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Geography

Geography

Only one Earth
The Study of Geography: The study of the elements that constitute the delicate balance of our Planet  

Junior Certificate - Aims to give students knowledge of their immediate environment, concentrating on Weather and climate, rock structures and formation of our landscape, rivers and coastline. The modern day problems and patterns that are emerging are also studied, for example Acid rain, pollution, river and coastal management.
The second part of the course focuses on the broader world, looking at patterns of life in other countries, studying the historical background, world economic patterns, with case studies of some Third World economies.
Skills of map reading and photograph interpretation are on going skills being taught in all of the Junior Certificate years.

Leaving Certificate - Is an in depth study of the physical world and the development of mapping skills. Students study the economic and social criteria that aims to give an understanding of the current world economic dynamic. Europe is studied on a thematic basis, with the emphasis on the changing pattern of today's economies in relation to their historic past.

Trip to Iceland:

Dominican College Geography Fieldtrip to Iceland from Mick Moriarty on Vimeo.

 

Dominican College Geography Fieldtrip to Iceland on Vimeo.

I think everyone would agree that the Fifth Year geography trip to Iceland (April 2014) was an unforgettable experience. To see so many of the places we learn about in geography class in real life gave us a better understanding of the physical forces at work.

Walking out into the snow in a swimsuit was very weird but the Blue Lagoon was amazing! For many girls this was the highlight of the five days. It was a nice way to relax after being in the airport and a fun way to start the trip. The snow and hail showers made it even more memorable.

Friday was very busy. We went on the Golden Circle tour visiting many places including Gulfoss Waterfall, Geysir, Thingvellir National Park (where the Eurasian and North American plates are separating) and an earthquake simulator. It was great to experience the simulation, but I think we would all agree that we wouldn't like to be in a real earthquake – it's quite scary! The sulphur in the geysers smelled absolutely awful (like rotten eggs) but it was definitely worth it to see them explode. The weather was very changeable and the day was exhausting so we all slept well that night!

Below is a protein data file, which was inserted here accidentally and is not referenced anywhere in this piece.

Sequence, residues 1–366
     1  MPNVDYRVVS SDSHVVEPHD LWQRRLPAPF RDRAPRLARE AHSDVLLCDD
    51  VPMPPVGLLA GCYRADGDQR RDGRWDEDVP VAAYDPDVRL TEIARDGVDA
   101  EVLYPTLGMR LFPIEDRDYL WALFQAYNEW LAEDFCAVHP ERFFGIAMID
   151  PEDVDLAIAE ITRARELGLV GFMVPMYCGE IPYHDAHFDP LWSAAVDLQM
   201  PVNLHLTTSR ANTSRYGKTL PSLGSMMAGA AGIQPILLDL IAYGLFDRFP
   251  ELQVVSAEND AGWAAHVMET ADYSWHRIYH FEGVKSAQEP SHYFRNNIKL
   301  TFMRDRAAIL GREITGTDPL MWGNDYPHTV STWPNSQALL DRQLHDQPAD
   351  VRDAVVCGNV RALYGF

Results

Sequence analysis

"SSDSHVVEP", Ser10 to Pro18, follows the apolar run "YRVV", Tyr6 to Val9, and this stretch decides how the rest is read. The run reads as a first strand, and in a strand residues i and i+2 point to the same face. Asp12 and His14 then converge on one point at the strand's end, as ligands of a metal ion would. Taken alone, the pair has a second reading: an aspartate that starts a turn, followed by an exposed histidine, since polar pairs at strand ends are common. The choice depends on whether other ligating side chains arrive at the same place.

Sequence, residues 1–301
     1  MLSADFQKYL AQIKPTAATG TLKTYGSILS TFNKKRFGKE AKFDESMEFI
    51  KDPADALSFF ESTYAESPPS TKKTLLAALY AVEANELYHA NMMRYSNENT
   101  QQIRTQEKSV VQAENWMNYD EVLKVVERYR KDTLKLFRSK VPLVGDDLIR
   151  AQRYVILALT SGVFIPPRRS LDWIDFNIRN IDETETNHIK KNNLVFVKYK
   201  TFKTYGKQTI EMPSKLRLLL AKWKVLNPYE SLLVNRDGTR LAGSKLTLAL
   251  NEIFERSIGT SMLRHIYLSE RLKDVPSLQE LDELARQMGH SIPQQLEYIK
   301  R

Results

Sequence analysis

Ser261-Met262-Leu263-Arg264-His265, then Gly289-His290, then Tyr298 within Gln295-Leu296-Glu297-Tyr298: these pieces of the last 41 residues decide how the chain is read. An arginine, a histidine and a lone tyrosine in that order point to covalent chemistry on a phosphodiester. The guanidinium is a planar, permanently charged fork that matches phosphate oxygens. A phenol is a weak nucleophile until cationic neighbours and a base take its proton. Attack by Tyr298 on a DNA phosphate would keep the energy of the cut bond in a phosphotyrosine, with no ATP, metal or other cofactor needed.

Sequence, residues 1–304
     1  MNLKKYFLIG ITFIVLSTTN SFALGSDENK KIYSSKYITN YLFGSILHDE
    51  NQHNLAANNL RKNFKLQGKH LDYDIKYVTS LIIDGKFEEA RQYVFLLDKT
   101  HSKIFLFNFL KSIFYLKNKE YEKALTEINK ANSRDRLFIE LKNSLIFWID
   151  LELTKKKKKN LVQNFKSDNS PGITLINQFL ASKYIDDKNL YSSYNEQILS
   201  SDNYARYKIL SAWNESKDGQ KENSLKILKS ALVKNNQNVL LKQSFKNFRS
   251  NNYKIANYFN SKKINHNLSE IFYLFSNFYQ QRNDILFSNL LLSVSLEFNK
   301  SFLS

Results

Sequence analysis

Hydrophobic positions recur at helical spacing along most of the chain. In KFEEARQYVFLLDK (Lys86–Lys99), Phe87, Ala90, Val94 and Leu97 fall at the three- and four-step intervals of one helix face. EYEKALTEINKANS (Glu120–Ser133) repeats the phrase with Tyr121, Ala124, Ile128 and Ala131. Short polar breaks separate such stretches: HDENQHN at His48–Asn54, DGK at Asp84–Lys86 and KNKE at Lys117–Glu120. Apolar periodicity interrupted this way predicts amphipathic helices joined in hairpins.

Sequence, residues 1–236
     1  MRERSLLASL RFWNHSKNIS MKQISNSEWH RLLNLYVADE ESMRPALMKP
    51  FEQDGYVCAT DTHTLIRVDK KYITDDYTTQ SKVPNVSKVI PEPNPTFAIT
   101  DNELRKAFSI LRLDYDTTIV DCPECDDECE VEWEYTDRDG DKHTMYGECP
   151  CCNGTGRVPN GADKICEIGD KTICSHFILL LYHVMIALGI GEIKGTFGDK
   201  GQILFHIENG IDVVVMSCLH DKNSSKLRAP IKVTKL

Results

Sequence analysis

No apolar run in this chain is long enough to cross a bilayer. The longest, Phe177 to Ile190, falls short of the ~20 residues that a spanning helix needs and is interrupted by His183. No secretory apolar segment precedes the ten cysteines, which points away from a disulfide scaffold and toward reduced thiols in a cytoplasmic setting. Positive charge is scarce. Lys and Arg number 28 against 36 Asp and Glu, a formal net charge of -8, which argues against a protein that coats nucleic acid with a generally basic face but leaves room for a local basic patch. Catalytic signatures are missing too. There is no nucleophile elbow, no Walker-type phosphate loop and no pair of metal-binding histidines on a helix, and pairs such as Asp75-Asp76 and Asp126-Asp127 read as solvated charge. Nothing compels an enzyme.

Saturday was more relaxing with swimming and a city tour of Reykjavik. Reykjavik is very small and only really had two streets to shop on. Even then there was not a great selection of shops, but we still managed to get our souvenirs. As beautiful as Reykjavik is, we wouldn't recommend it for a shopping trip!

On Sunday we visited Hellisheidi Geothermal Powerplant, two waterfalls, a small village called Vík and a volcanic beach. At one of the waterfalls, Stógafoss, a rainbow appeared beside us! The only time we've ever seen the end of the rainbow and there was no pot of gold – legend is a troll who lives behind the waterfall stole it. Hellisheidi geothermal power plant is run by only two people as it is so efficient which we couldn't believe! In fact energy is so efficient and cheap in the capital of Reykjavik, foot paths are heated in winter to prevent them freezing over!

We were able to walk in behind Seljalandsfoss waterfall and follow a trail right down to the plunge pool at the bottom. It was amazing, but the spray meant that we were all completely soaked for the two hour bus journey back to the hotel! We gained so much from the tour and this knowledge was tested in the final night quiz. It was a fun way to finish off the trip.

Everyone had a fantastic time and we will always have great memories of Iceland. We definitely recommend people go if they ever have the chance. Bring plenty of warm clothes and waterproofs
though!

Niamh Conneely 5.1

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